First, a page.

Racial justice remains integral to Black Christian leadership in the 21st century. In an interview earlier this year, Rev. Barber said: “There is not some separation between Jesus and justice; to be Christian is to be concerned with what’s going on in the world.”
Recognizing the rich legacy of Black religious leadership in the struggle of racial justice in the United States in no way diminishes the role of historic and contemporary secular leadership. From W.E.B. DuBois to A. Philip Randolph, who helped organize 1963’s March on Washington, and up to the current day the civil rights movement has also benefited from those who would classify themselves as freethinkers or atheists.
Black History 365 includes originally composed music by Grammy-nominated producer Dr. Kevin “Khao” Cates, who has worked with notables such as Jay-Z, the late Nipsey Hustle, and Ludacris. This snippet of video is from a webcast about the project.
Dr. Walter Milton, Jr., remembers the shame he felt back in elementary school when his teacher announced to the class that they were going to learn about Black history and then started with slavery. He said he wanted to hide under the table. But later when he returned home that night, he also remembers the impact his parents had on his spirit when they explained that African Americans are descendants of ancient kings and queens. Dr. Milton and his partner, Dr. Joel Freeman, want other children to have that same impactful, eye-opening experience about Black history and that’s why they created the Black History 365 education curriculum.
“We want to give the students this whole experience about the Moors, the hunting, fishing, gathering, agriculture, all these different aspects how the civilizations began throughout ancient Africa,” said Dr. Freeman, who has included his personal photo collection of artifacts from Africa in the curriculum. “So, there’s images from the collection, where I’ve had people of African descent say, ‘Wow, I almost feel like I’m in that picture. I see my ancestors. I see myself there.’”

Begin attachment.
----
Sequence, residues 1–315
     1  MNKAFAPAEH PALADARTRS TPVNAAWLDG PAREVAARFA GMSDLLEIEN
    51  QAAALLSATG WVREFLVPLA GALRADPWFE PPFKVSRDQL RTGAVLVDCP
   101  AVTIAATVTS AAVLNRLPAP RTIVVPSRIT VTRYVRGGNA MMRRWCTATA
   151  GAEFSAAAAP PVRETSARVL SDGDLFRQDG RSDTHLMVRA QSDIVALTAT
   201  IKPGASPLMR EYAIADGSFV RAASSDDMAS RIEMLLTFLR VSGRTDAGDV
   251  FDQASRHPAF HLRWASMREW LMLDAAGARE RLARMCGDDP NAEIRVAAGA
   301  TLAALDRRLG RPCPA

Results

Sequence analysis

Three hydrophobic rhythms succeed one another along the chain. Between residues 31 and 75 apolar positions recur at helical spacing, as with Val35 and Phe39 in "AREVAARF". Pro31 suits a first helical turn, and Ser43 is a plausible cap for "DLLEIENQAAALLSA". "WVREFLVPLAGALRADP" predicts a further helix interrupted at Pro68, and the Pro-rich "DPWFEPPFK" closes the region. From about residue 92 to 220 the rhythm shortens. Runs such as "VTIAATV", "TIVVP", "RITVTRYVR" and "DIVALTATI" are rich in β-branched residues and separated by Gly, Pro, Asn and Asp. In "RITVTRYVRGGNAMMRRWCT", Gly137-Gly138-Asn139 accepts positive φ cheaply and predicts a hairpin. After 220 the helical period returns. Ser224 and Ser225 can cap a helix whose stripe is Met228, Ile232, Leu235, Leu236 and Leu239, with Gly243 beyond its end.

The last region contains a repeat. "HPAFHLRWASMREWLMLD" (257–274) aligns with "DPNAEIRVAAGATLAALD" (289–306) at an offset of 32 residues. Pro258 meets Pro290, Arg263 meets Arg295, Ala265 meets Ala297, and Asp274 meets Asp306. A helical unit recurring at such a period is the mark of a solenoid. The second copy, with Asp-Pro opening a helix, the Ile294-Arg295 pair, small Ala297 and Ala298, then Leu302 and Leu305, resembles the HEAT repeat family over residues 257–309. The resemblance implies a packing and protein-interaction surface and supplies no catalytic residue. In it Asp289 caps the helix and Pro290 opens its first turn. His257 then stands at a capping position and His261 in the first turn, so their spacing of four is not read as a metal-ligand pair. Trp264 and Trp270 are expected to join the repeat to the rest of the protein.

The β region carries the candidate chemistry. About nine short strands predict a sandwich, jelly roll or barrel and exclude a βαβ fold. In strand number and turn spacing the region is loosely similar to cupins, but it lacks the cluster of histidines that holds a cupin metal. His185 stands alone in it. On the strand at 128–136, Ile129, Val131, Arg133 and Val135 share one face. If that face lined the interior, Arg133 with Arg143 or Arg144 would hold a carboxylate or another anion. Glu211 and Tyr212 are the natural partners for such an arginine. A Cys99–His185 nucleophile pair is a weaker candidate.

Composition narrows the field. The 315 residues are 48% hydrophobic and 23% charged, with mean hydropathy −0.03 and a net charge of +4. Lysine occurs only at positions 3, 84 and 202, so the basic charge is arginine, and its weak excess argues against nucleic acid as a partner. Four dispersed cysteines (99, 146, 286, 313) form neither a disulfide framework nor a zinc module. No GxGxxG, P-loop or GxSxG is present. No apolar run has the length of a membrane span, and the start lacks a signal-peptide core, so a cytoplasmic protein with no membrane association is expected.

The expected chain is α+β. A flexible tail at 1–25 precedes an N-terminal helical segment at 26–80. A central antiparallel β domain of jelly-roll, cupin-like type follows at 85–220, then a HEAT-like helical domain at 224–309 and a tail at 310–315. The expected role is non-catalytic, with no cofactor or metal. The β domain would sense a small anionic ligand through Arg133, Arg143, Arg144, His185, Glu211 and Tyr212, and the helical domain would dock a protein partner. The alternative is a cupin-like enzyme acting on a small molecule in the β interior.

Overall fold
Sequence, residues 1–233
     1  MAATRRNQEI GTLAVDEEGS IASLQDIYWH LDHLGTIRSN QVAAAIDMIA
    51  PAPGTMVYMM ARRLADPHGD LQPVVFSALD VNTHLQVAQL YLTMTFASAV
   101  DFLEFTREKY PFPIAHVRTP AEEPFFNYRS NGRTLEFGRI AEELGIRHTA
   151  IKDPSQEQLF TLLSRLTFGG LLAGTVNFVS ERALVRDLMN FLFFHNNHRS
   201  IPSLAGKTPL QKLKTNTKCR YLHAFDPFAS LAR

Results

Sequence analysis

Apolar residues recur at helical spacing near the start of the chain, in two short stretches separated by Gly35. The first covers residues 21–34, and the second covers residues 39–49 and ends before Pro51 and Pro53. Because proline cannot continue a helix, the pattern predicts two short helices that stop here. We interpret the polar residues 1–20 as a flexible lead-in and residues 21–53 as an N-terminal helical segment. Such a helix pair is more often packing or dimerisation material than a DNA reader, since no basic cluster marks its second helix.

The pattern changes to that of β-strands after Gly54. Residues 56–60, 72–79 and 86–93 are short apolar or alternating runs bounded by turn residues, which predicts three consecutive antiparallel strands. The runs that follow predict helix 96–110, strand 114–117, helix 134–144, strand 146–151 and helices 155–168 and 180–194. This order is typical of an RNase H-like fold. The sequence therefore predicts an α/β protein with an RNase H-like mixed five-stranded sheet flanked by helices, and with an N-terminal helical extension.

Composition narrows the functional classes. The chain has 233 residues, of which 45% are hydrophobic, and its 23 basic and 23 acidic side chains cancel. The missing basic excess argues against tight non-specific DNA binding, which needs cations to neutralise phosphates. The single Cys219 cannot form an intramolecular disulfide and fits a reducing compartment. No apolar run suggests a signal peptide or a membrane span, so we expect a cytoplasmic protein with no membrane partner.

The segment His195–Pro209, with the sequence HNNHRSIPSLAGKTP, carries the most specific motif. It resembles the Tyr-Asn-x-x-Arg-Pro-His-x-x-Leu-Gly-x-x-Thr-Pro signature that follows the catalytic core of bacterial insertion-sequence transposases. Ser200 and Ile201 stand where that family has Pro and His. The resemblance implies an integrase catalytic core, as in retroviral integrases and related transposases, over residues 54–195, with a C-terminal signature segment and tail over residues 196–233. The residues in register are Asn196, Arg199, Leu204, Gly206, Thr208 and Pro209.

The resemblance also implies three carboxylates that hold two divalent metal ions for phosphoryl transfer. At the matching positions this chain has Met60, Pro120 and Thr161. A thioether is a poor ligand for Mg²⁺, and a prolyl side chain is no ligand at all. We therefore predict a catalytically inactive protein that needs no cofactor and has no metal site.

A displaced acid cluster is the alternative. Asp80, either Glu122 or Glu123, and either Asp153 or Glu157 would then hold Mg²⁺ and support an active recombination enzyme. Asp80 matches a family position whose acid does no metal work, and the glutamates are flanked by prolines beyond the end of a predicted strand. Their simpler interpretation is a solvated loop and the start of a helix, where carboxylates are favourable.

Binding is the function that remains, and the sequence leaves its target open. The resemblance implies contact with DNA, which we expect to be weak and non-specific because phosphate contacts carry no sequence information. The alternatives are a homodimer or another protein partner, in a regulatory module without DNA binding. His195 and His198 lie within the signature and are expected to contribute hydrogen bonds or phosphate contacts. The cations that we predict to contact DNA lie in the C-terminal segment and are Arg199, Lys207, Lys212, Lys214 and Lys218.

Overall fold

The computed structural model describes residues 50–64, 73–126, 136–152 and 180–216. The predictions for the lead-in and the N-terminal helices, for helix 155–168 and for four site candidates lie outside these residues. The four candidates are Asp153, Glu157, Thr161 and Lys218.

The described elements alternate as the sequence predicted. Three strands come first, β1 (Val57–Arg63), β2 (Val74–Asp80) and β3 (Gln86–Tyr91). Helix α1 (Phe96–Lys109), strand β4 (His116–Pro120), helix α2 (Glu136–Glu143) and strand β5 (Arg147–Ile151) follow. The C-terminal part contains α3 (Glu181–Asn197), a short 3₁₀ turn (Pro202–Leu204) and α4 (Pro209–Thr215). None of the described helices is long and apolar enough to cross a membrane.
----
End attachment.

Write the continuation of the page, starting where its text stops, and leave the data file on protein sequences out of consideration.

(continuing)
Both Milton and Freeman have strong educational and professional bonafides to take on a mission of bringing Black history to life in an innovative and technological way that will capture the heart and spirit of a new generation. Milton served as a school superintendent for twelve years in the states of New York, Michigan, and Illinois, and he taught at several universities across the United States. He’s also published several books addressing issues related to Black parents, schools, and education. Freeman served as player development mentor and character coach for the Washington Bullets/Wizards For 20 NBA seasons. He has also worked with the Association of International Schools for Africa (AISA), traveling extensively throughout the continent of Africa and conducting a number of training events for educators, government, and business leaders. Genuine documents and artifacts from Dr. Freeman’s personal collection have been showcased in exhibitions at the United Nations, White House, and Clinton Presidential Library.